October 24, 2005 - 11:30pm
in a mad rush to capture as many photos of the fall colors before
the leaves finally fall. Hmm. Reminds me, I really should stock
up on squirrel photos before winter limps in.
October 24, 2005 - 11:00pm
Parks, a great American. She showed the power one person could
make, and proved that even the smallest resistance against injustice
can bring results. To anyone who feels powerless to fight against
the wrongs in the world, I say, look to Rosa Parks. She will
be dearly missed.
of the Day
October 22, 2005 - 8:00pm
about the light posting this month. I'm quite busy working at
the bank, catching up on sleep, reading hate mail from Stryper
fans, and wondering why the site traffic continues to rise (around
18,000 daily hits now). Oh, I've also been taking many photos
of the autumn colors:
of the Rovian
October 8, 2005 - 8:15pm
Blumenthal has written an excellent
primer of Republican corruption during the Bush/Karl Rove era at
Salon. You'll have to watch a commercial to enter the site (the "free
day pass" thing), but that's a small price to pay. If you
want to know the basics of the various scandals swirling around
messirs Rove, Delay, Frist, Abramhoff, etc, then here's the place
and did I mention that Bush's approval numbers are now in the
30's? The Miers pick is proving a political disaster. To the
increasing number of former Bush supporters, I say Welcome to
the Reality-Based Community. About time your common sense kicked
of the Day
October 8, 2005 - 8:00pm
a photo from Wednesday night's rainstorm that pummeld its way
through Minneosta, causing local flooding and ushering in real Autumn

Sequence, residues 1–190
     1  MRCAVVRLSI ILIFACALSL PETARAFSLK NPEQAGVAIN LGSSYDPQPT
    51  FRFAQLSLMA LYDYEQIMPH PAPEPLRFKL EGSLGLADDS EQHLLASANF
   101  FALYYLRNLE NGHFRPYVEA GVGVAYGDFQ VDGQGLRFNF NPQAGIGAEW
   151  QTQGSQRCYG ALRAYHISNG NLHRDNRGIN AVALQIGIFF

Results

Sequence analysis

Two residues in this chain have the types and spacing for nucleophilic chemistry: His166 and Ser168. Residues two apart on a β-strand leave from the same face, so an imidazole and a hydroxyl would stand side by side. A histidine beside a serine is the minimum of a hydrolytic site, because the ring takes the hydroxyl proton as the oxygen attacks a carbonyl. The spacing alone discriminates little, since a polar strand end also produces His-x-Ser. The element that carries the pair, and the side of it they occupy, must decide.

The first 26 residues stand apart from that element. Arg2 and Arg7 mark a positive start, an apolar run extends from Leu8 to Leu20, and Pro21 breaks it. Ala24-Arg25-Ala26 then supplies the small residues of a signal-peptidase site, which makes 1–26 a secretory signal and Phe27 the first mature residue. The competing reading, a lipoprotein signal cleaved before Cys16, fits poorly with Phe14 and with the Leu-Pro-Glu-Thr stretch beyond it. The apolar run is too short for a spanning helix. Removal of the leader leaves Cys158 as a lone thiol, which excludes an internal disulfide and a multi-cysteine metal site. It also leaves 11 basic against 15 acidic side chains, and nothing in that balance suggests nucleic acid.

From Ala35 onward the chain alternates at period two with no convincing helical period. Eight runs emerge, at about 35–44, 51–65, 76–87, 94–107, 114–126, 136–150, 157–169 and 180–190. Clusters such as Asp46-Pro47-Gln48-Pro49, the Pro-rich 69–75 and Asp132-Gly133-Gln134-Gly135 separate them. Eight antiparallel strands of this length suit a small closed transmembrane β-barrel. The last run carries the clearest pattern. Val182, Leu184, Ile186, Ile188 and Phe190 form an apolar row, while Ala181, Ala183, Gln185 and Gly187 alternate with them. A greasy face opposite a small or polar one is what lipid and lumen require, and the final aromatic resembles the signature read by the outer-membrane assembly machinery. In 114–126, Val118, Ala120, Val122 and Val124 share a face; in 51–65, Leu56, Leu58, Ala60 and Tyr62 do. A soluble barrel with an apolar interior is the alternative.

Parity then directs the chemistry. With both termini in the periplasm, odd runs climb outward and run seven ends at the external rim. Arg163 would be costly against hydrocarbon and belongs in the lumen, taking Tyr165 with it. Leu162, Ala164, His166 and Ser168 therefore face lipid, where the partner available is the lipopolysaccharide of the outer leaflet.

weather (yea!). Also, some pics from the Uptown area of Minneapolis
earlier today and this evening.
Visit to See My
October 5, 2005 - 2:00am
and the Catbus have come to the Minnesota Children's Museum,
and they will stay in the Twin Cities until next February. Naturally,
I had to pay our neighbors a visit when I finally had a day off
from the crummy "ghetto" bank.
is part of the museum's "Jump to Japan" exhibit, which
also features Japanese books, comics, and stations where you
can create drawings and animations. But most of the exhibit is
devoted to My Neighbor
Totoro, with statues of the movie's characters, clips from
the movie, and more. I even saw a Japanese movie poster, which
I'd love to score one of these days.
Totoro exhibit is a joint venture between Studio Ghibli and the
Children's Museums of Minnesota and Seattle, WA.
exhibit recreates one of Miyazaki's most iconic moments, the
comic scene at the bus stop. Here, Setsuko and Mei, while waiting
in the rain for their father to arrive on the bus, encounter
the giant Totoro instead. They offer him their father's umbrella,
and Totoro is overjoyed once he discovers just what it is used
for (note the leaf on his head).
wanted a profile shot of Totoro, in reference to the Studio Ghibli
logo which appears on all their films.
great shot of Catbus at a distance. You can walk inside and sit
on his seats if you wish.
really good two-shot of Totoro and Catbus. The route sign on
Catbus reads "Mei" in Hirigana. It refers to a scene
late in the film where Mei becomes lost and Satsuki asks Totoro's
help in finding her.
a shot I'm really proud of. I took a couple photos with Totoro
visible through the window. It looks like he just hopped on for
a ride. I'll definitely be adding this one to my photography
portfolio when I send out for freelance work.
of the Day
October 1, 2005 - 11:30pm
pictures to fondly remember summer by, as we finally pass into
autumn. Personally, I'm more of an autumn person, but I originally
hail from northern Minnesota, so maybe it's just me.